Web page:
Joey’s Law Cracks Down on Hit-and-Runs in Arizona

It was nearly two years ago when 18 year-old Joey Romero was walking home from work and run over by a car that had jumped the curb. Instead of stopping and assisting, the heavily medicated young woman driving the vehicle fled the scene leaving the injured teenager to fend for himself.

Days later the Centennial High School student was pronounced dead.

Joey’s death was naturally very tough on his father Jesse Romero especially after learning the driver who killed his youngest son was looking at only a one to two year prison sentence.

That is when Jesse decided to do something about it and Joey’s Law was born.

Earlier this year, SB 1163 “Joey’s Law” was signed and enacted into state law by Arizona legislatures. The new law creates tougher punishments for drivers who commit hit-and-runs.

Before if a driver was convicted of a hit-and-run, they faced a possible 3 year suspension of their license if someone was seriously injured in the incident and a 5 year suspension if someone was killed. Not to mention the period of suspension could begin during time served in prison.

With Joey’s Law, convicted drivers now face an automatic 5 year suspension of their license if someone is seriously injured and 10 years if someone is killed. Furthermore the periods of suspension only begin after the driver serves their prison term.

While nothing can ever bring back the memory of a loved one, Jesse Romero’s hard work and effort is a great example of channeling sorrow into a positive venture that could help others not have to endure the same pain and loss he suffered.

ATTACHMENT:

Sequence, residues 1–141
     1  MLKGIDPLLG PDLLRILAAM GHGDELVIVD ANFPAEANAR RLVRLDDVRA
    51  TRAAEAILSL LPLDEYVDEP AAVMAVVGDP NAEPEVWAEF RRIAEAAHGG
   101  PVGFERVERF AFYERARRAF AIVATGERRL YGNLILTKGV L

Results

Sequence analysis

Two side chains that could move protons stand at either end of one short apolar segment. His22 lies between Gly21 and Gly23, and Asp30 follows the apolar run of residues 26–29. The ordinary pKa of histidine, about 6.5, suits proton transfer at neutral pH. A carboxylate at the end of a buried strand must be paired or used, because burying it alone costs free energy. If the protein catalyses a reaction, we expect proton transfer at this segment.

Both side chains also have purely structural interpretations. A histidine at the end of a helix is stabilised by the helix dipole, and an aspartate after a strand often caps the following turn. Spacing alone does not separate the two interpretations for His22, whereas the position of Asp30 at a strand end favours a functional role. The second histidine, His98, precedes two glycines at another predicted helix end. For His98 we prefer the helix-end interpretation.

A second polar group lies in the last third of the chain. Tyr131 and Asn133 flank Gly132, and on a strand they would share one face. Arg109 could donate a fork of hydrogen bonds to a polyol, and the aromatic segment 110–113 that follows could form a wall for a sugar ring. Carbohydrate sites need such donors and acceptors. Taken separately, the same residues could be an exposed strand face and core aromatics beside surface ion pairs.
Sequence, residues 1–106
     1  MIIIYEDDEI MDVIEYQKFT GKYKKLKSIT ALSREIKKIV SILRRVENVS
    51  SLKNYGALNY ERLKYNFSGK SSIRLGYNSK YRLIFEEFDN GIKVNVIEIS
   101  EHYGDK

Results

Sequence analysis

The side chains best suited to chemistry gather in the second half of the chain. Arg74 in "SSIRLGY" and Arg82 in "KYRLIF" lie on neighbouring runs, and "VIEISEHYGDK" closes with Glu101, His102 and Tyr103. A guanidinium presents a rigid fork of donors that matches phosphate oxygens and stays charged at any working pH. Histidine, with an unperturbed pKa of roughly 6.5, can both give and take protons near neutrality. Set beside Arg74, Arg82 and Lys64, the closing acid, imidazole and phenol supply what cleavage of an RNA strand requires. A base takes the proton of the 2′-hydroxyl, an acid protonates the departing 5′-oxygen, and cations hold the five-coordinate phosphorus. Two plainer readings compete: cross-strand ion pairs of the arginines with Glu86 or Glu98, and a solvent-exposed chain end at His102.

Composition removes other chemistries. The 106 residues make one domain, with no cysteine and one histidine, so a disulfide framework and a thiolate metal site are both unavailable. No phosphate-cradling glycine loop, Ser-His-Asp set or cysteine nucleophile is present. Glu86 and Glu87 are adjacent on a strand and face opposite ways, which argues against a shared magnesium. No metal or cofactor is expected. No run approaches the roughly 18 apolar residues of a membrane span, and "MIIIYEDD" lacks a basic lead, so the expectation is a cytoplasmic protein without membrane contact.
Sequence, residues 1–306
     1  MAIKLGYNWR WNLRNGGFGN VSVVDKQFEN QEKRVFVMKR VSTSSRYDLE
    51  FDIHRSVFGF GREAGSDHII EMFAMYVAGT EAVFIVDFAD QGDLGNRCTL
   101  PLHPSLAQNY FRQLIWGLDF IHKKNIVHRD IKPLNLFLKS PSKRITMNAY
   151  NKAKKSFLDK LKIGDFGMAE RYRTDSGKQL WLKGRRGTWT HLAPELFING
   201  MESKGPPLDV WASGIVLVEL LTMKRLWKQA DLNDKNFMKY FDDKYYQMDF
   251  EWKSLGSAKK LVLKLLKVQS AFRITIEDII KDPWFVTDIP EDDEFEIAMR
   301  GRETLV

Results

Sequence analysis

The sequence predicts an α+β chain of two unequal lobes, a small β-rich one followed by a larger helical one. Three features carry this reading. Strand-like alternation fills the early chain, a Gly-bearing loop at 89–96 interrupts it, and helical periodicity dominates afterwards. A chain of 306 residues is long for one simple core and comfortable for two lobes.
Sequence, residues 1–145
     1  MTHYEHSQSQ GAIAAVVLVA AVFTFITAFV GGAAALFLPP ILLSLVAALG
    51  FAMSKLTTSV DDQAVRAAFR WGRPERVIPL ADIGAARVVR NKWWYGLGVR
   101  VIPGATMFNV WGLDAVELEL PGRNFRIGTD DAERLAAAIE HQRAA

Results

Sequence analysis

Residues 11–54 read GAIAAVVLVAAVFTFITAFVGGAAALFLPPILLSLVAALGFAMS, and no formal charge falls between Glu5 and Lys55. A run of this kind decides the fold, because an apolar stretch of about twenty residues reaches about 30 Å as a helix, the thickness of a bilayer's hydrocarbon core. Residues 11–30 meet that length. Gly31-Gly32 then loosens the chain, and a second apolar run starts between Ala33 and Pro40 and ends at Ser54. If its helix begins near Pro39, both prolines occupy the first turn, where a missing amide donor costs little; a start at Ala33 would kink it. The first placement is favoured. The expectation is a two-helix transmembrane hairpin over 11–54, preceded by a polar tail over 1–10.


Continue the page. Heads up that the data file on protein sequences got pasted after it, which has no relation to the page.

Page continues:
If you or someone you know is injured in a hit-and-run or any type of accident contact a personal injury lawyer immediately.

Dealing with the Insurance Company After an Accident

Whether you’re at fault or the victim in an accident, dealing with an insurance company requires a certain finesse. A few key strategies and tips can help you cope with insurance company tactics and ensure you don’t harm your case. Make sure you know what to do – and what not to do – before you talk to an insurance company about an accident.


Never admit fault.

First and foremost, it’s important to remember when you’re dealing with an insurance company to never admit fault. Even if you think you might have contributed to an accident, don’t talk about it until you see a police report and talk to your attorney. A police report could reveal that you were mistaken about fault, but if you admit fault in the beginning, it becomes much more difficult to get insurers to pay.
If your accident was investigated by Arizona Highway Patrol, you may request a report here.


Avoid providing a written statement.

Many insurers will ask you to provide a written statement about an accident. Avoid providing a statement until you’ve consulted with an attorney, and make sure the attorney reviews and approves your statement. If you provide a written statement without first getting legal advice, you could write something that could potentially hurt your case.


Don’t lie about injuries.

It may be tempting to exaggerate or minimize injuries when you have an accident. Don’t. If you have injuries, get them treated and don’t try to minimize them. Alternately, if you’re not injured, don’t try to pretend that you are; insurers will find out and you’ll just hurt your own case.


Remember that the insurance company doesn’t want to pay.

Insurers are in business to make money. If they pay out on every insurance claim, they wouldn’t make money. Therefore, insurers don’t want to pay. Keep this in mind when you’re dealing with an insurer. You must prove that the insurer has to pay, and establish how much the insurer should pay, before you’ll see anything near what your case is worth.


Refer the insurer to your lawyer.

The safest way to deal with an insurance company after an accident is to refer the insurer to your lawyer. Once you retain legal counsel, an insurer is required to talk to the attorney – not you. This can help you avoid saying the wrong thing, and can make sure you don’t hurt your case.

Here is a Video from Phoenix personal injury lawfirm Wattel & York discussing how to handle insurance companies.